Venezuela’s “Dialogue” Delusion

Venezuela’s “Dialogue” Delusion

Under fire both domestically and internationally for its decision to arbitrarily cancel a recall referendum against President Nicolas Maduro, the Venezuelan government has pirouetted out of its precarious position by yet again ensnaring opposition representatives in a spurious “dialogue.” Worse, a collection of international mediators, including the Vatican, have granted the talks a patina of legitimacy. They have also received the endorsement of the Barack Obama administration.

No one should be fooled.

To put it succinctly, according to the Eurasia Group, “Maduro’s administration is engaging in the Vatican-mediated talks to alleviate international pressure, divide the opposition, and buy time.”

It is difficult to construe any rational basis for a dialogue other than the belief that dialogue — in the abstract — is good. Well, of course it is — provided all sides possess a smidgen of good faith and are willing to make concessions in pursuit of a peaceful resolution to a dispute.

None of that exists in the case of Venezuela under chavismo — the movement founded by the late Hugo Chávez. In fact, in the eyes of the government, the opposition has never even been considered legitimate — which is why, among other predatory acts, the government has jailed opposition leaders, deprived the opposition-controlled National Assembly of its constitutional powers, postponed gubernatorial elections in which the opposition was set to make major gains, and suppressed the only independent media outlets that gave the opposition a voice.

Those are hardly conditions for an honest “dialogue.”

The most troubling aspect of this recent development, however, is not just that it is a pointless exercise at a critical moment in time, but that it is destructive. One, it undercuts efforts led by the spirited Organization of American States Secretary General Luis Almagro, a growing number of new sitting governments, and a group of former presidents to rally the region behind a more forceful stance against the Maduro government’s systematic predation of democratic norms.

This is a development the United States has been pushing for years. For the Obama administration to now debilitate that effort on behalf of a dialogue no sensible person believes has any merit is unconscionable.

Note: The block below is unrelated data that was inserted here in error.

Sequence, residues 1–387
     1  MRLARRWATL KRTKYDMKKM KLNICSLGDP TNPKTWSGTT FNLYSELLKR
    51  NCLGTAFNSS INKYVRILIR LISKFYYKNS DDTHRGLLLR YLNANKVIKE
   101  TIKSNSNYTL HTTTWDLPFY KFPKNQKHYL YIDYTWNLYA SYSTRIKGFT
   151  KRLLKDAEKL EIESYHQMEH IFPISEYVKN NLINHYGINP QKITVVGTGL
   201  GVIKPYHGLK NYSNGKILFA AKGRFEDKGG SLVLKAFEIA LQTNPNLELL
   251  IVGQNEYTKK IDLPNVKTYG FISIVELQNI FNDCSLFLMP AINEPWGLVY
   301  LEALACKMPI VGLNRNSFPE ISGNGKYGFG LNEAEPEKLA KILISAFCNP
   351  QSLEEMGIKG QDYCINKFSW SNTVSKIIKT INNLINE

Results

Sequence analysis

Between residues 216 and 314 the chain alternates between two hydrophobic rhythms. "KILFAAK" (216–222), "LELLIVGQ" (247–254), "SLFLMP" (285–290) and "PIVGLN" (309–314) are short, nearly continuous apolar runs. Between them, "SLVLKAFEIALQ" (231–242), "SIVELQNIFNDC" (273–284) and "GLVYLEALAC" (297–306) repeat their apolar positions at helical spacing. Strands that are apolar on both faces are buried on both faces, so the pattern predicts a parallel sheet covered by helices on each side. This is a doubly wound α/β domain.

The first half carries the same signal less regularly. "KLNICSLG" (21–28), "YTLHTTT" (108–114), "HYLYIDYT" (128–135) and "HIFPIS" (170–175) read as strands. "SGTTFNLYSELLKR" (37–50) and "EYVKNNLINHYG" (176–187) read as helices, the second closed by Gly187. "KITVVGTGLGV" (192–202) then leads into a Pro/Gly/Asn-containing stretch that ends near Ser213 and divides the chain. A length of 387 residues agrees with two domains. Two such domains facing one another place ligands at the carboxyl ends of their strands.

Secondly, the dialogue trap betrays millions of Venezuelans’ desire for profound and peaceful change. The heady days of the Chávez era, when oil was selling at $150 per barrel, have devolved into a humanitarian nightmare. According to a recent report by Human Rights Watch, “Severe shortages of medicines and medical supplies make it extremely difficult for many Venezuelans to obtain essential medical care. And severe shortages of food and other goods make it difficult for many people to obtain adequate nutrition and cover their families’ basic needs.”

In short, Venezuelans are desperate for a new direction — and they are entitled to it though peaceful, democratic means. They don’t deserve a meaningless sideshow in which the government responsible for their mounting misery gets to bob and weave, then ultimately forego meaningful reforms.

To be sure, not all of the Venezuelan opposition supports the dialogue; they see through the government’s ploy. But the result has nevertheless been crippling to the opposition cause: It has taken the air out of civil disobedience (a march on the presidential palace was cancelled), an impeachment trial of Maduro in the National Assembly has been postponed, and the government has taken the recall referendum off the table. And all for the chance to have talks? Charlie Brown, meet football.

That the Maduro government would seek to distract attention from its authoritarian behavior and economic ineptitude is understandable. What is not excusable is the Obama administration participating in this fraud. They are seemingly tone-deaf to a new mood in the Western Hemisphere, where polarizing populist governance is being rejected in favor of pragmatism. As such, new leaders are coming to power who have no interest in carrying chavismo’s water any longer. However, what they are looking for is signals from Washington that any limb on which they climb out won’t be severed behind them. The Obama administration has just done that by endorsing a phony dialogue between the Venezuelan government and the opposition.

Whoever occupies the White House in January will inherit a mess in Venezuela, made worse by the policies of its current government. We can only hope a fresh start will lead to a U.S. policy that stands for something. In the meantime, tensions will only grow as the lives of millions of Venezuelans continue to spiral into the abyss.

Photo credit: RONALDO SCHEMIDT/AFP/Getty Images